Over the weekend, I thought about exactly what Nkandla means to us. And I had an idea. What if the price wasn’t simply a figure on the wall, an attempt to assign value to an item taking into consideration what went into making it, and instead became a part of the art itself?
When the budget for improvements to Nkandla was first calculated in 2009, it was set at R23 million. By the time the Public Protector had concluded her report, that price had risen to R246 million.
Inspired by Nkandla, I’ve taken a different approach to art pricing. Instead of offering a standard price which remains unchanged, the price of the panels will increase over time. Every day, the price will escalate. (I will need to allow for the price of materials, transport costs and consultants after all.) The final total price for all eight panels will reach R246,000 in an echo of the work’s inspiration.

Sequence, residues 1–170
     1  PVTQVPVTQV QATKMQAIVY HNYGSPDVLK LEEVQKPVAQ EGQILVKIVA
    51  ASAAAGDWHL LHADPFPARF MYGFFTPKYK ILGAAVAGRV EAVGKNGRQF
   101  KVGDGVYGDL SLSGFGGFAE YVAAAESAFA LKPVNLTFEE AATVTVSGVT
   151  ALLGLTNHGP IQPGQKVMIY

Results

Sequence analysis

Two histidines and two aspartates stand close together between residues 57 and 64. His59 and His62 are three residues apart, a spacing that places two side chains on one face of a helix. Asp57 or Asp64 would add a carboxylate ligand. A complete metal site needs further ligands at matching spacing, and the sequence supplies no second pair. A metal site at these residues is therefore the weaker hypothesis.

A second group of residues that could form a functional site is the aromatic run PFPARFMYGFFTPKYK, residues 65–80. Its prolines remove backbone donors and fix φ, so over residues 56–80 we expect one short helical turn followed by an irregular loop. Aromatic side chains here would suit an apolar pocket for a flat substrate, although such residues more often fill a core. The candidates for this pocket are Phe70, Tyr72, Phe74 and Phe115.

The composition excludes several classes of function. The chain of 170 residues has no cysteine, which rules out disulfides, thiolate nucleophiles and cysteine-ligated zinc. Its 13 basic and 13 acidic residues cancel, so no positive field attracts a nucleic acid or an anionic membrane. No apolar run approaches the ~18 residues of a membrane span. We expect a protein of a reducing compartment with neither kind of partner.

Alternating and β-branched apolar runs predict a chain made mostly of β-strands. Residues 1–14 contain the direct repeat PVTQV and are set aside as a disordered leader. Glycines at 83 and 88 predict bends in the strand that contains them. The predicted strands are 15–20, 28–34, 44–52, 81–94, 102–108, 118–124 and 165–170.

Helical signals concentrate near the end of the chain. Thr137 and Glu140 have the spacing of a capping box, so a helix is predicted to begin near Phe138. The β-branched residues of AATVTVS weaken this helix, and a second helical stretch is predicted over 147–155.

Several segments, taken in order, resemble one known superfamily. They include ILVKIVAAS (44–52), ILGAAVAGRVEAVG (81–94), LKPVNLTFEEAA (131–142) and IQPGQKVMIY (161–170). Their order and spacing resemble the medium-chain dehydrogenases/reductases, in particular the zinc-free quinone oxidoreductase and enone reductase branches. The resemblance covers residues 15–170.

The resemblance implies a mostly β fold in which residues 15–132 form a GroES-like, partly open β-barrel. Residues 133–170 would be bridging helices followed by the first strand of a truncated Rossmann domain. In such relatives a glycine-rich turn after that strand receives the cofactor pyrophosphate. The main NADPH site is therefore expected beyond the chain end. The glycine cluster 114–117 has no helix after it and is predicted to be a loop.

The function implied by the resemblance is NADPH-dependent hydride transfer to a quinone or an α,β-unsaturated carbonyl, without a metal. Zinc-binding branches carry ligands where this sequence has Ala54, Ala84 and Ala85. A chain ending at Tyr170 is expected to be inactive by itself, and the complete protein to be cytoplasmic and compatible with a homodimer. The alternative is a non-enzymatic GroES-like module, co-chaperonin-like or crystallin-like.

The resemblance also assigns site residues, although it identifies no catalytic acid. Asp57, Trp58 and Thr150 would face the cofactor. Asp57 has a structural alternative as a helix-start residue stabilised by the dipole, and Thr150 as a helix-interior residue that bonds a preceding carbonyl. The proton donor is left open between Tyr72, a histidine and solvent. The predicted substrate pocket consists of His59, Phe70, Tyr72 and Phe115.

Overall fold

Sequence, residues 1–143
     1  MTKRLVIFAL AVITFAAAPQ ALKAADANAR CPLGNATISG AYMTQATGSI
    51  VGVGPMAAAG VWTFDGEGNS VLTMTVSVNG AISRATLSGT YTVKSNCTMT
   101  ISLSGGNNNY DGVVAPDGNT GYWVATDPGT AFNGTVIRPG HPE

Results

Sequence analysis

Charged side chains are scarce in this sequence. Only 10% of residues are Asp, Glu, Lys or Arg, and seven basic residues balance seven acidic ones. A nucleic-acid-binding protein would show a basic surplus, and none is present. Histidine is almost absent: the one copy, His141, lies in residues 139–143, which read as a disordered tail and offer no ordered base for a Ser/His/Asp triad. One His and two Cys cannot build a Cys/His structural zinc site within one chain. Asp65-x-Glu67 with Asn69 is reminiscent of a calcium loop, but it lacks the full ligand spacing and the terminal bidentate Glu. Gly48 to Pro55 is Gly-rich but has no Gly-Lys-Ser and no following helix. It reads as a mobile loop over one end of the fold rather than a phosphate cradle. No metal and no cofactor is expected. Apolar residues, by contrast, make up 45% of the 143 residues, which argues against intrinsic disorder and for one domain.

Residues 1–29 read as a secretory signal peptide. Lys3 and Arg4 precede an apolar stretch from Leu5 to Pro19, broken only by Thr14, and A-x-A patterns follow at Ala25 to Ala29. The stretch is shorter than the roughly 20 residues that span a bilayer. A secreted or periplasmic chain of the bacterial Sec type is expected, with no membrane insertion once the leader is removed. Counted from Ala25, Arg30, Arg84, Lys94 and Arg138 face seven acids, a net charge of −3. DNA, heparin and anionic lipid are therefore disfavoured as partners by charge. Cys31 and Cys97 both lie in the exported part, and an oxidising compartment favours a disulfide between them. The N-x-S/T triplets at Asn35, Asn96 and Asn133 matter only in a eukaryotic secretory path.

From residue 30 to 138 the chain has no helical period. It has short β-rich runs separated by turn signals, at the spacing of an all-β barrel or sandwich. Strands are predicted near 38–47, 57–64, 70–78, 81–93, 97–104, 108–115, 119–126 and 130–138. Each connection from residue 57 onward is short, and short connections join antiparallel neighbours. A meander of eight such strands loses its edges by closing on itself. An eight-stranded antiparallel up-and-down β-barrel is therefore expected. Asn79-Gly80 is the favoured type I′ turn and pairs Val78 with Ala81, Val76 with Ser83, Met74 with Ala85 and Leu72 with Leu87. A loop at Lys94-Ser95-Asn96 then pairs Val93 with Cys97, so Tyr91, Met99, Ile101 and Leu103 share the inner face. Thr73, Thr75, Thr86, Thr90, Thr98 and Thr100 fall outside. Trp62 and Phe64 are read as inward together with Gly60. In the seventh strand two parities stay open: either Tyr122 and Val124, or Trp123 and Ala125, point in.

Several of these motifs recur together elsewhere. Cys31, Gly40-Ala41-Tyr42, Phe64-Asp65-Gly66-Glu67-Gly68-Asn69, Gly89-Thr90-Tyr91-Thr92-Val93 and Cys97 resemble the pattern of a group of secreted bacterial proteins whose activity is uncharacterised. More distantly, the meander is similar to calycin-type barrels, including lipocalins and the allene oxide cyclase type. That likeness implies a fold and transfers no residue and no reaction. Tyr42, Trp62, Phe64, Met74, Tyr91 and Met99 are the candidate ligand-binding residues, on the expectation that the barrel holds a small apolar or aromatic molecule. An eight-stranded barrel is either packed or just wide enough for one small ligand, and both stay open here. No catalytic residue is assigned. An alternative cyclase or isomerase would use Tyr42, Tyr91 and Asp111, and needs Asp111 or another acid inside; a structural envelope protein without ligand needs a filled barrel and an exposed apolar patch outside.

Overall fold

If the work is sold before then, it will go at that day’s price. 20% of my profits will go to Home of Hope, an NGO which rescues vulnerable girls in Hillbrow and Berea, so if anyone buys the work at Nkandla prices, Mam’ Khanyi and the girls will also benefit.
Every day, I will tweet an updated price of the panels with the hashtag #Firepool. You can find me @Anatinus.